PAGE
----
"Now, I'm not a drinker, even though I have this bar," says Tully, owner of #1 Tavern in North Wildwood. "I do drink, but I'm not a heavy drinker. So what I would do is, I would be testing and testing all day. And my wife would call me up from downstairs and say we were ready for dinner. And sometimes I would come up and I would be a little plastered."
It all worked out. The Super Tully Nut, a five-liquor blend with a recipe known only to the inventor himself, has become a Jersey Shore tradition in the 47 years since its introduction.
Tully's real name is Romolo Leomporra. (Yes, his twin, Remo, completes the pairing of the mythological founders of Rome.) He grew up in East Germantown and went to high school at St. John's in Manayunk. He performed in musicals at Villanova and did music fairs in the Philadelphia area and five shows on Broadway. Eventually, he settled into a life of nightclub work around the world. "Everyone back then had the same names. . . . If I were starting now," he says, joking, "I'd have stayed Romolo."
Nightclub work eventually landed him at Marty Bones' Nut Club in Wildwood. He saved up $2,000 and invested in a motel: Le Marquee Motel, at 20th and Surf, now the Aruba Motel.
"Every unit was named after a musical comedy," Tully said. "There were no numbers, no letters. And the history of the musical was contained in each room."
The motel eventually led to the purchase of a nightclub and, later, the bar at First and Atlantic Avenues, within sight of the ocean. The bar's large windows open out onto First Avenue. The decor is decidedly divey - it has the wood-paneled look of a bar unaltered since it opened. Tully has owned the place 47 years.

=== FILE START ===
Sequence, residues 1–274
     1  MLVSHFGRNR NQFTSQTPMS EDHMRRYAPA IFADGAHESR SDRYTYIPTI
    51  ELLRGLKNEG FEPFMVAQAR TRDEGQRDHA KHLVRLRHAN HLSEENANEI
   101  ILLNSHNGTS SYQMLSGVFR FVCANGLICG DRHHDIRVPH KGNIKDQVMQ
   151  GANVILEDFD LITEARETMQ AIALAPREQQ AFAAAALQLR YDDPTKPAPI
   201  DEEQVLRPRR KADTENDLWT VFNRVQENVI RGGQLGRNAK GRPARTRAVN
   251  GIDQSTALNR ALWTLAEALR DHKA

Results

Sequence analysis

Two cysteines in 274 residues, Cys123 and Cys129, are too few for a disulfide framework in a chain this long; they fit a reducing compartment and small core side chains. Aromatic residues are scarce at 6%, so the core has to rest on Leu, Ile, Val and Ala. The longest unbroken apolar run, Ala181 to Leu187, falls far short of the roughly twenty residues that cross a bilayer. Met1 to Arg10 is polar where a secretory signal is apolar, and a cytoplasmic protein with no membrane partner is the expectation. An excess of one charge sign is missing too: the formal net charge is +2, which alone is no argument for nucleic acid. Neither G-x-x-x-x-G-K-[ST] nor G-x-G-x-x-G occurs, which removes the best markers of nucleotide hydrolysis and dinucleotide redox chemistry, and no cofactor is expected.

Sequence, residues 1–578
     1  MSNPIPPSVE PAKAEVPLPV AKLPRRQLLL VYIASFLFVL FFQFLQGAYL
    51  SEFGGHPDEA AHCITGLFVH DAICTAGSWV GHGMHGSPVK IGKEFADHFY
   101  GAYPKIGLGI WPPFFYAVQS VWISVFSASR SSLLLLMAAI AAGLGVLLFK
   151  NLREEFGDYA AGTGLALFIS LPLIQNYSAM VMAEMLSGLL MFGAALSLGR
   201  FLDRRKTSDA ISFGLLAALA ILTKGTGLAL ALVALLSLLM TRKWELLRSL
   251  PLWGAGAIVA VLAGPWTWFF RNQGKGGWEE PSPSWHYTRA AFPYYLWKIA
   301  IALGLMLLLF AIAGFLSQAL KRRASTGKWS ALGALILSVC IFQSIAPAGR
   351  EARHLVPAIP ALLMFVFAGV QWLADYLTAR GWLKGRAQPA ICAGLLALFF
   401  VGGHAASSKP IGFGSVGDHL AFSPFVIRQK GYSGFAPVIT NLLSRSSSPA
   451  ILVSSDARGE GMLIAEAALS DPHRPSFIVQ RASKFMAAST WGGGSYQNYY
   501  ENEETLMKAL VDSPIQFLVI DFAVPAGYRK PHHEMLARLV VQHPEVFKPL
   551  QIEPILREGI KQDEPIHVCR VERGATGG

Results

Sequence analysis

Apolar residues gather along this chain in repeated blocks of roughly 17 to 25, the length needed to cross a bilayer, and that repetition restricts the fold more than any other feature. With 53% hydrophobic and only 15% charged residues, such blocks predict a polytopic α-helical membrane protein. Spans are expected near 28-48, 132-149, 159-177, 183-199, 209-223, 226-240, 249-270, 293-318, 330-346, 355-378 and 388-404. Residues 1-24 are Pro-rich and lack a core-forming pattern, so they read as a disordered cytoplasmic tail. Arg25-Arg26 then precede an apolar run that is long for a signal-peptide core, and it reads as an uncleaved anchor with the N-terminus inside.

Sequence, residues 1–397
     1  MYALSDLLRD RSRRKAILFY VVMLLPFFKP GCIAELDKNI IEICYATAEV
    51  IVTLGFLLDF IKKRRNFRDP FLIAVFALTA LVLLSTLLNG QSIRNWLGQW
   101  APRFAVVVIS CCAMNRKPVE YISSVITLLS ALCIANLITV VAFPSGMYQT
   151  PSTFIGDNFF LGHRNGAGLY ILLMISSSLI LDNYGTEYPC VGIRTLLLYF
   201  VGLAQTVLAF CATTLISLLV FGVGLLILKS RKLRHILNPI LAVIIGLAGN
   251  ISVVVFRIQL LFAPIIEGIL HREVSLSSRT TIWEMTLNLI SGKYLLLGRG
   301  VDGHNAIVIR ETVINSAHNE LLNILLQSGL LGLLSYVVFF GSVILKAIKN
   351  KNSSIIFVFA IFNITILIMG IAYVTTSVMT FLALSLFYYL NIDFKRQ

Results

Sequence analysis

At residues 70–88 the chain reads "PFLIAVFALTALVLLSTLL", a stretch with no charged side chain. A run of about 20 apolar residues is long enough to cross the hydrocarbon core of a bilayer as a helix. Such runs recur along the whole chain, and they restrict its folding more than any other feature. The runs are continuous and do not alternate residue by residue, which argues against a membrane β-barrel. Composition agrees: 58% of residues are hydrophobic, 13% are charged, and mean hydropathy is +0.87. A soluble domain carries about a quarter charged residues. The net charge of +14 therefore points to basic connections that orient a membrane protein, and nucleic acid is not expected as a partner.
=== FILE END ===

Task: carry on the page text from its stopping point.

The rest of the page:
The name of the drink came after Tully took over the Nut Club from Marty Bones, he said. A bartender he'd hired said every good nightclub had a special drink. It was halfway through the summer, so Tully came up with a drink and called it a Tully Nut. He served it in a tall, thin glass primarily used for the zombie cocktail. Two weeks later, he changed to the hurricane glass, which the drink is still served in (except on busy weekends, when it's served in a plastic cup).
The next year, he spent the winter coming up with the perfect drink. He had four contenders and enlisted his dad, his wife, and a bartender to do a taste test.
"We were in the back of my motel there in the office, and I had all the drinks, and everybody had a piece of paper in front of them," Tully said. "They were not allowed to talk about each drink; they could just write. So we tested them, all four of us. It turns out that everyone picked the exact same drink."
This drink was clearly better than the slapdash concoction he'd made the summer before, so he started selling it at #1 Tavern and gave it an upgrade: the Super Tully Nut. It looks like a foamy Hawaiian Punch and tastes like alcoholic Kool-Aid. A Super Tully Nut costs $9 - pricey, some complain about online. Tully says the price has been the same for a decade. "You tell me another product that's been the same price for 10 years."
Tully concedes the ingredients aren't as important as his formula - and the mystique of the drink.
"I'm the only one who makes this," Tully said. "It's made by me. It's a secret. My wife doesn't know what's in it. My sons don't know what's in it. What happens is, people like that. People don't want me to tell anyone what's in it. People like that."
The Super Tully Nut will outlive its namesake. Upon his retirement, he'll tell each of his two sons (Romolo and Christian) half of the recipe. There are also written and audio recordings of the full recipe; he has a complicated plan to have a friend tell his wife where to find them.
Somehow, a simple drink has become a North Wildwood tradition. The one-of-a-kind mystique of a place like #1 Tavern continues to draw people every year - as much for the drink as for the nostalgia surrounding the place.
"What people do now is they come in, sit down, and they take out their telephone, take a picture of, [the Super Tully Nut], and they send something out to their friends," Tully says. "And normally what they say is, 'I'm here and you're not.' "